How ‘Outstanding Citizenship with Suitable Academic Merit’ Can Translate to Leadership

ImageI think we all have that one outdated, old, ratty item we all still keep by our side. Maybe a worn out shirt or a baseball cap from a team gone by. For me, it is a dictionary I was awarded in sixth grade. Written on the inside cover is, “Presented to Andrew Shane for outstanding citizenship with suitable academic merit.”

Initially I really didn’t think much about the note. Made my way through junior and high school, attended Lehigh University and started my public relations career where I found myself managing, mentoring and leading.

It was probably my early twenties when I reached for the dictionary that was on a shelf at my parent’s house. Suitable academic merit? Really? Not that I have my sixth grade report card handy (maybe I should have kept it in the dictionary), but I’m pretty confident I was better than suitable.

Now, entrenched in my forties, I will take a look at the dictionary and smile. A July10th  Inc. article argues if you want to be an exceptional leader, warmth and approachability matter far more than competence. The reporter states, “Most leaders emphasize strength, competence, and credentials at work, but, according to a recent Harvard Business Review article, that’s exactly what you don’t want to do.

“The article authors, Amy J.C. Cuddy, a Harvard Business School professor, and Matthew Kohut and John Neffinger, who also wrote Compelling People: The Hidden Qualities That Make Us Influential, say employees react best to leaders who exude warmth, and authentically invest time and effort to connect with them.”

I’ve tried to live by this. From a purely philosophical standpoint, it is as simple as the Golden Rule. From a practical perspective, today’s work environment can be so volatile – – in the last seven years I’ve gone through two bankruptcies and five CEO changes – – you need a team willing to do what it takes to do the job right and that means providing them with honesty, openness and the means to get that job done.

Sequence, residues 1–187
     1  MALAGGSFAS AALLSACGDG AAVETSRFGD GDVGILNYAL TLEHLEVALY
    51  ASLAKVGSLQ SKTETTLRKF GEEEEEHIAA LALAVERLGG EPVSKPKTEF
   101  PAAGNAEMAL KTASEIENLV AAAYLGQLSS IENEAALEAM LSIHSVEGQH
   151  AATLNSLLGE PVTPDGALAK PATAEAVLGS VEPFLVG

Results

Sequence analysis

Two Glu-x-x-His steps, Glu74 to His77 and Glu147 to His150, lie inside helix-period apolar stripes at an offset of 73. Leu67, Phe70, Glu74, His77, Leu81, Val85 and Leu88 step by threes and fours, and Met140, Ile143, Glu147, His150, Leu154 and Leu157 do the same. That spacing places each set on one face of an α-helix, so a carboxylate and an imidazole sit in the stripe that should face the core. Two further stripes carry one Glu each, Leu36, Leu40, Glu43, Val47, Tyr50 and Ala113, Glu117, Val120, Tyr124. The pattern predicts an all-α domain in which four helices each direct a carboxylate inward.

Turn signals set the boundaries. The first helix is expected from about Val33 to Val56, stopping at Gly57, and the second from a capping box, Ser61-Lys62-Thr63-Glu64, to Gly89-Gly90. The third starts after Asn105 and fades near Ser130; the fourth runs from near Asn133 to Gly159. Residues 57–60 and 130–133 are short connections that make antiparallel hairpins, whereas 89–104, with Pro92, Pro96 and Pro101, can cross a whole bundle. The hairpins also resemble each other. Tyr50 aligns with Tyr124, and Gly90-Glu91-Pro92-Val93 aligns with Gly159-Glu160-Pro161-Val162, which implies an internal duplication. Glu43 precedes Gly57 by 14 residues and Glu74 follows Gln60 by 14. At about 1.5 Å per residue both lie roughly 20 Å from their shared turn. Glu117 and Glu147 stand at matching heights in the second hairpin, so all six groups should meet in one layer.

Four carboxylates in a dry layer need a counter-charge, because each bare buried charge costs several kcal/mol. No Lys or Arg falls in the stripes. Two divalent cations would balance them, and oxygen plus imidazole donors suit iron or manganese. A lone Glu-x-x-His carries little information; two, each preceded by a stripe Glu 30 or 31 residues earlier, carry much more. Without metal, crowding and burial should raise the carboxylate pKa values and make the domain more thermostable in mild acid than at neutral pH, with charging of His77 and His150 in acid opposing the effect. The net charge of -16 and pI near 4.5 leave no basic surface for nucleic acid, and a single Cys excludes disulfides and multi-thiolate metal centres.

So what does that mean? Leaders treat their employees with respect, explaining why, what they are doing is important. Leaders are as only as good as their team, meaning leaders need employees who will work with a sense of pride and urgency, doing so – when needed – during times other than 9-5.

For me, a variety of – what I view as – simple things help build a good team:

  • Flexible work hours. You bet – – family first.
  • Opportunities to shine. Wouldn’t have it any other way.
  • Team lunches on me. Love to eat.
  • No politics. Never with me.
  • Door always open to discuss anything and everything knowing it stays in my office. That is what I’m here for.
  • Have fun doing it. A little song, a little dance…you know the rest.

Obviously you don’t want to go overboard. There is a line between being a great boss and a pushover. And not every great boss is a leader.

Leaders for me are fair but firm. Want you to succeed and provide you with the tools to do so. Leaders are great listeners and are willing to share their successes and failures. Patient. Hold people accountable. Praise in public and provide “opportunities for growth” privately.

In other words, the successful leader should have enough “skins on the wall” at his/her craft, but must be able to empathize and really care about his/her employees… outstanding citizenship with suitable academic merit – – maybe my elementary school did have the right idea.

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